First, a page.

Cheng’s new book tells us how mathematical thinking can be applied to questions about social issues such as LGBT rights

Just before Cheng has to nip off for her talk, we move onto the subject of her new book, The Art of Logic in an Illogical World. “This really grew out of teaching art students because the ones I teach are so socially conscious, and want to change the world,” Cheng says. “It was a bit like when I used baking to perk up my mathematics undergraduates. If I talked about a social issue from a mathematical point of view, then they were all completely alert.” The book is a summary on the “insights mathematical thinking gives me on social and political issues.” In summary, the book is about “the nature of disagreement.”

Mathematics is a way of being clear and unambiguous, and we need that today.

We later attend one of Cheng’s talks at the Royal Institution, based on her book, and it’s fascinating to see how mathematical thinking could be applied to questions of LGBT rights, racial privilege and political disagreement. “I always read the comments below news articles,” Cheng said, prompting a sympathetic laugh from the audience, “You have to! You have to know how people see the world so you know how to talk to them.” Cheng’s belief that mathematical principles allow us to cut through overly complicated debate is infectious and so clear, you wonder how anyone could possibly disagree.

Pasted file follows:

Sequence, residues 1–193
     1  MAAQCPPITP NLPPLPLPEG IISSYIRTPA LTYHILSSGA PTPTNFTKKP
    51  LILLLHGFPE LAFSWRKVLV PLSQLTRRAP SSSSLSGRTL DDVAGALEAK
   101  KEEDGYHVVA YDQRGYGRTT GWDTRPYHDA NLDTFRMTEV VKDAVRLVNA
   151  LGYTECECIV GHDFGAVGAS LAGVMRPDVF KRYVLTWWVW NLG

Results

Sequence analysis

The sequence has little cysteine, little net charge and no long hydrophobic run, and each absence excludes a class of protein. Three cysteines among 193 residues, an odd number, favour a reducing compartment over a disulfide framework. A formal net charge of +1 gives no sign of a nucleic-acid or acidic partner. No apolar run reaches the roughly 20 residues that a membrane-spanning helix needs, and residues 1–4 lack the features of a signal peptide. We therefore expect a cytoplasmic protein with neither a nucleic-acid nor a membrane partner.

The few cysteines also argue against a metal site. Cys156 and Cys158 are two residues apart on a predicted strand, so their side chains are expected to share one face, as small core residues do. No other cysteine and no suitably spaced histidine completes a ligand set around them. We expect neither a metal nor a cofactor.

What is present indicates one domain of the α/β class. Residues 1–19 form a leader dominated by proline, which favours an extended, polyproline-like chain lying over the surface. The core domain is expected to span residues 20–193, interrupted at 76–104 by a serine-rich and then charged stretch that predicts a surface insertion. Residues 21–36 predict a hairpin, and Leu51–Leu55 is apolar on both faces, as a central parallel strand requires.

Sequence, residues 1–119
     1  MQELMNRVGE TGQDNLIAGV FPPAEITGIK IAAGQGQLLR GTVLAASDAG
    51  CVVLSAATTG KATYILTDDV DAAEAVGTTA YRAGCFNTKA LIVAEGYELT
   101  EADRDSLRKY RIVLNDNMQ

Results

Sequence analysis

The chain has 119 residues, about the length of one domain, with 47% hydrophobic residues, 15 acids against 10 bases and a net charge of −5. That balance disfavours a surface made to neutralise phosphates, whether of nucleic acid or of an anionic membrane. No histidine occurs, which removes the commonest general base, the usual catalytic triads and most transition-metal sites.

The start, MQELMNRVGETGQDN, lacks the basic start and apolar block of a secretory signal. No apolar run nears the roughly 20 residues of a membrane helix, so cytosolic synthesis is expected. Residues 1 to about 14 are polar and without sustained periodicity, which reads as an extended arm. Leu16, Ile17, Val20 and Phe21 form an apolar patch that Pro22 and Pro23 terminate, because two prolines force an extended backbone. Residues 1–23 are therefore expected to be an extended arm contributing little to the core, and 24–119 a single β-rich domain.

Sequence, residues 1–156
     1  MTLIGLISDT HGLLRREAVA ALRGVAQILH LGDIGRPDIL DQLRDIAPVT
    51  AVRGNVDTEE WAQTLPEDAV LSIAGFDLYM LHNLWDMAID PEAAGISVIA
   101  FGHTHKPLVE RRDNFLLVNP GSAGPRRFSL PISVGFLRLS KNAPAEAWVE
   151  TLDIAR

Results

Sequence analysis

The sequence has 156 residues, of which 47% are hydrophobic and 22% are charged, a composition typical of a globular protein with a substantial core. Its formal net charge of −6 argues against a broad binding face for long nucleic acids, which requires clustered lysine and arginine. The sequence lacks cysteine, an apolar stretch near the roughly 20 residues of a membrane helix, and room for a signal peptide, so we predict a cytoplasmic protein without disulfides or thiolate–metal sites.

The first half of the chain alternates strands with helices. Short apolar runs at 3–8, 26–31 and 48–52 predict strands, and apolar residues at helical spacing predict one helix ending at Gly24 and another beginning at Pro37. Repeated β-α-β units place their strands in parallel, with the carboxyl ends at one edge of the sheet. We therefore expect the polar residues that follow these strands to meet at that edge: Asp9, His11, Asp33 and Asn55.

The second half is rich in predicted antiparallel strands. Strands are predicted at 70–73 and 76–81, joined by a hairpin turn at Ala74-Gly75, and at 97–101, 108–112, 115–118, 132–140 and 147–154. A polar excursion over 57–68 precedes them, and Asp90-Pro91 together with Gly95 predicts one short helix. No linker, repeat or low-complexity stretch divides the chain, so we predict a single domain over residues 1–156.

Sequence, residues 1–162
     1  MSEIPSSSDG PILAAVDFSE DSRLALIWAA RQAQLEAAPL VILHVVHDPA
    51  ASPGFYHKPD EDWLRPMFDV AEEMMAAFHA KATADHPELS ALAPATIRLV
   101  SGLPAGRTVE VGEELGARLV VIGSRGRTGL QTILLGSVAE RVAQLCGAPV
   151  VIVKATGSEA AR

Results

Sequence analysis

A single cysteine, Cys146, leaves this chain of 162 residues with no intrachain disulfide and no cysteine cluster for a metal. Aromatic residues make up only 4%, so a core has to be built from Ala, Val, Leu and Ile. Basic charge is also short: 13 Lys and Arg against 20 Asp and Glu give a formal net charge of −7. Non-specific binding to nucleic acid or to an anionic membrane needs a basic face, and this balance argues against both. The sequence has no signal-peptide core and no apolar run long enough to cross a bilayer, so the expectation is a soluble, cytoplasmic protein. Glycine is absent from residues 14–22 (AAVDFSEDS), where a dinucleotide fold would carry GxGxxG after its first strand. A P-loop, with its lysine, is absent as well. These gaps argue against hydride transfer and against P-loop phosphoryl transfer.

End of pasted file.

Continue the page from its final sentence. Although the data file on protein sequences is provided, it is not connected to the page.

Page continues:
“Mathematics is a way of being clear and unambiguous, and we need that today,” Cheng concludes. Through her writing, talks and outreach work, there’s no debating the important work she’s doing for the subject, curing cases of maths phobia every day.